Danae (Gustav Klimt, 1906-1908)
Oil on Canvas, 77 x 83 cm

Several months ago, I went to a great painting exhibition at the in Paris, entitled Vienna 1900.

The exhibition focused on four major figures of the Austrian Secession (Austrian term for Art Nouveau), between 1897 and 1918: , , and .

Shortly said, although I am not that enthusiastic over Kokoschka's paintings, it was among the best exhibitions I have ever seen, that showed how the distinctive treatment of space and perspective by these artists marked a revolution in pictorial language.

It was also an opportunity to see one of the most famous paintings by Klimt, Danae, which is usually part of a private collection in Austria. I have always loved this canvas, one of the most erotic paintings I know, that used a mythological subject as the pretext for a depiction of female pleasure.

According to Greek mythology, Danae was only daughter of Acrisius, king of Argos. After the oracle prophesied to Acrisius that his grandson would kill him, he locked Danae in a tower where nobody could enter.

Zeus however, the leader of all Gods, felt in love for the beautiful king's daughter. Despite every precaution taken, he felt upon the sleeping Danae as a golden shower, and she conceived Perseus. Several years later, Perseus would kill Medusa, rescue Andromeda from a sea monster, and kill Acrisius as predicted, by accident in an athletic contest, when the wind sweeps away his javelin.

The very moment when Zeus, as a golden shower, seeds Danae, had inspired many artists previously, from anonymous Greek artists...

Danae — Greek bell-shaped crater

Danae and the Shower of Gold (ca 450 BC)
Bell-shaped crater,
— Paris.

to Jan Gossart aka Jan Mabuse...

Danae (Jan Gossart aka Mabuse, 1527)
— Munich.


Danae and the Shower of Gold (Titian, 1554)
— Madrid.


Danae (Tintoretto, ca 1554)
— Lyon.

... and many more.

Klimt painted Danae in 1906-1908, at the acme of his so-called Golden Period. At the time, he would use genuine gold leaf together with paint in his canvases! In Danae, the gold he used as a tool was not only associated with the colour, but the theme of the painting itself.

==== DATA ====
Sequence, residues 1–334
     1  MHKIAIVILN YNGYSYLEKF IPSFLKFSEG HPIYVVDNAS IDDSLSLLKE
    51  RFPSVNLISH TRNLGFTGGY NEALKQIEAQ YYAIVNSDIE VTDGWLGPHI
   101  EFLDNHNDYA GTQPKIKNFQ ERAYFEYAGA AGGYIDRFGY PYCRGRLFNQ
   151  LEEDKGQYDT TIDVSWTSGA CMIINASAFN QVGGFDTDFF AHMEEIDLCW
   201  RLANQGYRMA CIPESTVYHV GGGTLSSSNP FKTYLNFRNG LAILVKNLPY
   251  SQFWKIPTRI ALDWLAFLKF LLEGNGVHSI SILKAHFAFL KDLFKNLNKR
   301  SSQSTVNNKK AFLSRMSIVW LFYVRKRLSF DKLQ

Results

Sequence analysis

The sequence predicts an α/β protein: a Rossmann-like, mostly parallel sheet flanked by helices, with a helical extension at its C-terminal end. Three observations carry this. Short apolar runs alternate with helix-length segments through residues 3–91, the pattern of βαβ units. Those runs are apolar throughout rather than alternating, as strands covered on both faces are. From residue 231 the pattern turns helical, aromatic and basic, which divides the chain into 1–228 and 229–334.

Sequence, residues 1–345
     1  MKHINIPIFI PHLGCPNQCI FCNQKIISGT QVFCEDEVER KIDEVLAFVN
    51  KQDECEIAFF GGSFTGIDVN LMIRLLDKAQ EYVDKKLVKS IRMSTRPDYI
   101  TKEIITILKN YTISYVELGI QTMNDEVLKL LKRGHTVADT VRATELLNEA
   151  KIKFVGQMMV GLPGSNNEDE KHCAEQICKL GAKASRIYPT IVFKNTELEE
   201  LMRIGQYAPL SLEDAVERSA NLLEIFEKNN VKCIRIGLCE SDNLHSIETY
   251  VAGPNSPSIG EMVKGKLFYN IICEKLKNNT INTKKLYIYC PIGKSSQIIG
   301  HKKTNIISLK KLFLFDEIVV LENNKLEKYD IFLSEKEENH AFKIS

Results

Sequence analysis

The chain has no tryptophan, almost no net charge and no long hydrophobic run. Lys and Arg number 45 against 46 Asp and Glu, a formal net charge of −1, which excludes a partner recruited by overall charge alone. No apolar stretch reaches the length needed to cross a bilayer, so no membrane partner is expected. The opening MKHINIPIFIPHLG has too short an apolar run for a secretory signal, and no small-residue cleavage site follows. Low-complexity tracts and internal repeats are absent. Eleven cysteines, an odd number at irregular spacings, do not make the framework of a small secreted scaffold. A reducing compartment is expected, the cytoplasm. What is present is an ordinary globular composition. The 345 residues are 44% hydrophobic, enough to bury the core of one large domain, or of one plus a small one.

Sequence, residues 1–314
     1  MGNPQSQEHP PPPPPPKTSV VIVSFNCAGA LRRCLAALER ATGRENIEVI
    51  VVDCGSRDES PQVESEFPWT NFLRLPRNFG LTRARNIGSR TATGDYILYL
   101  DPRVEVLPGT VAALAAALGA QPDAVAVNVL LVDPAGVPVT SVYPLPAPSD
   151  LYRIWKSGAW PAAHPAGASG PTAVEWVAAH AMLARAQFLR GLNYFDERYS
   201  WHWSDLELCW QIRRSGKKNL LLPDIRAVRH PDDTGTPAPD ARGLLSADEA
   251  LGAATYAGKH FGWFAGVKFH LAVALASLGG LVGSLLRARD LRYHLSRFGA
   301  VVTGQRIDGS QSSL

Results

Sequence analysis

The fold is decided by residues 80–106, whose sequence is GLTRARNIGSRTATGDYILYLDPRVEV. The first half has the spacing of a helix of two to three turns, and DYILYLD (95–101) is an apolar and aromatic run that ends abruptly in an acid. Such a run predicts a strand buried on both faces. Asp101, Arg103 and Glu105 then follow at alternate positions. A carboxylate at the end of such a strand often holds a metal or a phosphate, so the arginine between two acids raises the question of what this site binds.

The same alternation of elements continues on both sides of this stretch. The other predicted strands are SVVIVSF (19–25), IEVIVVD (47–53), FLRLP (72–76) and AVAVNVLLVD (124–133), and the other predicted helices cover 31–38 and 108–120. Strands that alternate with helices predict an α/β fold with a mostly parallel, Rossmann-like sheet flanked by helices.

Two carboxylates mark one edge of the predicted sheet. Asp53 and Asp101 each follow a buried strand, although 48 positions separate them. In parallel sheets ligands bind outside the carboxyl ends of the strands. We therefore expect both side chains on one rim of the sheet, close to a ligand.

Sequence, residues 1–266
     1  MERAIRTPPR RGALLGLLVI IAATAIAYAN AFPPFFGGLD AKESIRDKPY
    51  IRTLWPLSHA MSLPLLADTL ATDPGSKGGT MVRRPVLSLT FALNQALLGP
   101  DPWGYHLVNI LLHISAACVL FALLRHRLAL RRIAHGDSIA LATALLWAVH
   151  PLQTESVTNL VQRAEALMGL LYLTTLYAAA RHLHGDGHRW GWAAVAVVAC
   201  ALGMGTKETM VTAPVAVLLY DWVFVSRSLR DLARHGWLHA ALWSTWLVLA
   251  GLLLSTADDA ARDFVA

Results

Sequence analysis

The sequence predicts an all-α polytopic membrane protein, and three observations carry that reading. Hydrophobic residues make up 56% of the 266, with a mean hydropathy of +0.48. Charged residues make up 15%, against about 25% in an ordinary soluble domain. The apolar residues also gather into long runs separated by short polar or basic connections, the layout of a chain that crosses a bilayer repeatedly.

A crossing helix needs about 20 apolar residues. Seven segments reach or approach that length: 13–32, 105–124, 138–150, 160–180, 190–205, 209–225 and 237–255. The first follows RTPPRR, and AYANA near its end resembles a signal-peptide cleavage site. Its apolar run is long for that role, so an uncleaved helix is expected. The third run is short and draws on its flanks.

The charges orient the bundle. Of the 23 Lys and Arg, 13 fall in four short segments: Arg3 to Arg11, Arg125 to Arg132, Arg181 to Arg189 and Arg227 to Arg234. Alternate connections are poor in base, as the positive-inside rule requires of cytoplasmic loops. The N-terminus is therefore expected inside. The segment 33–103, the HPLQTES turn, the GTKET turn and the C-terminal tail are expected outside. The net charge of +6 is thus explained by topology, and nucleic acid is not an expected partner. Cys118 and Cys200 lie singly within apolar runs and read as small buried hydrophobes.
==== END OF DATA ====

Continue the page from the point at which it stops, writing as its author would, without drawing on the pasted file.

Klimt selected precisely the moment at which the golden shower falls between the legs of the sleeping Danae. He did not make use of any narrative scenery, yet he succeeded in fixing the erotic moment through the curves of the contoured form, the flowing streams of the ornament, the gossamer black veil revealing the woman's body, and the selection of an unusual view. The nude body itself becomes part of the formal composition.

Besides the mythological story, Klimt displayed on Danae the availability of the woman, concentrating on the representation of female orgasm. The red-haired woman here is not a Greek princess but the universal symbol of seductive femininity.

3 comment(s):

    I also love how none of those Danaes are anorexic!


    For sure Saskia! Danae paintings are about female beauty, pleasure and impregnation. Topics that are not at all related to present skinny models you see in fashion.

    When a woman wear few clothes, every man would rather like her with some flesh on her bones, in pictures, or real life as well.

    Anyway, try to explain this to your friends of the female kind now, with summer coming soon...


    Oh I agree with the both of you. While my own curves are a source of ...well, it doesn't matter, I think the paintings of Danae are beautifully "woman."


Post a Comment

Related Posts Widget for Blogs by LinkWithin


Timeless Music
The Magic Flute
by W. A. Mozart

Timeless Reading
Les Essais
by Michel de Montaigne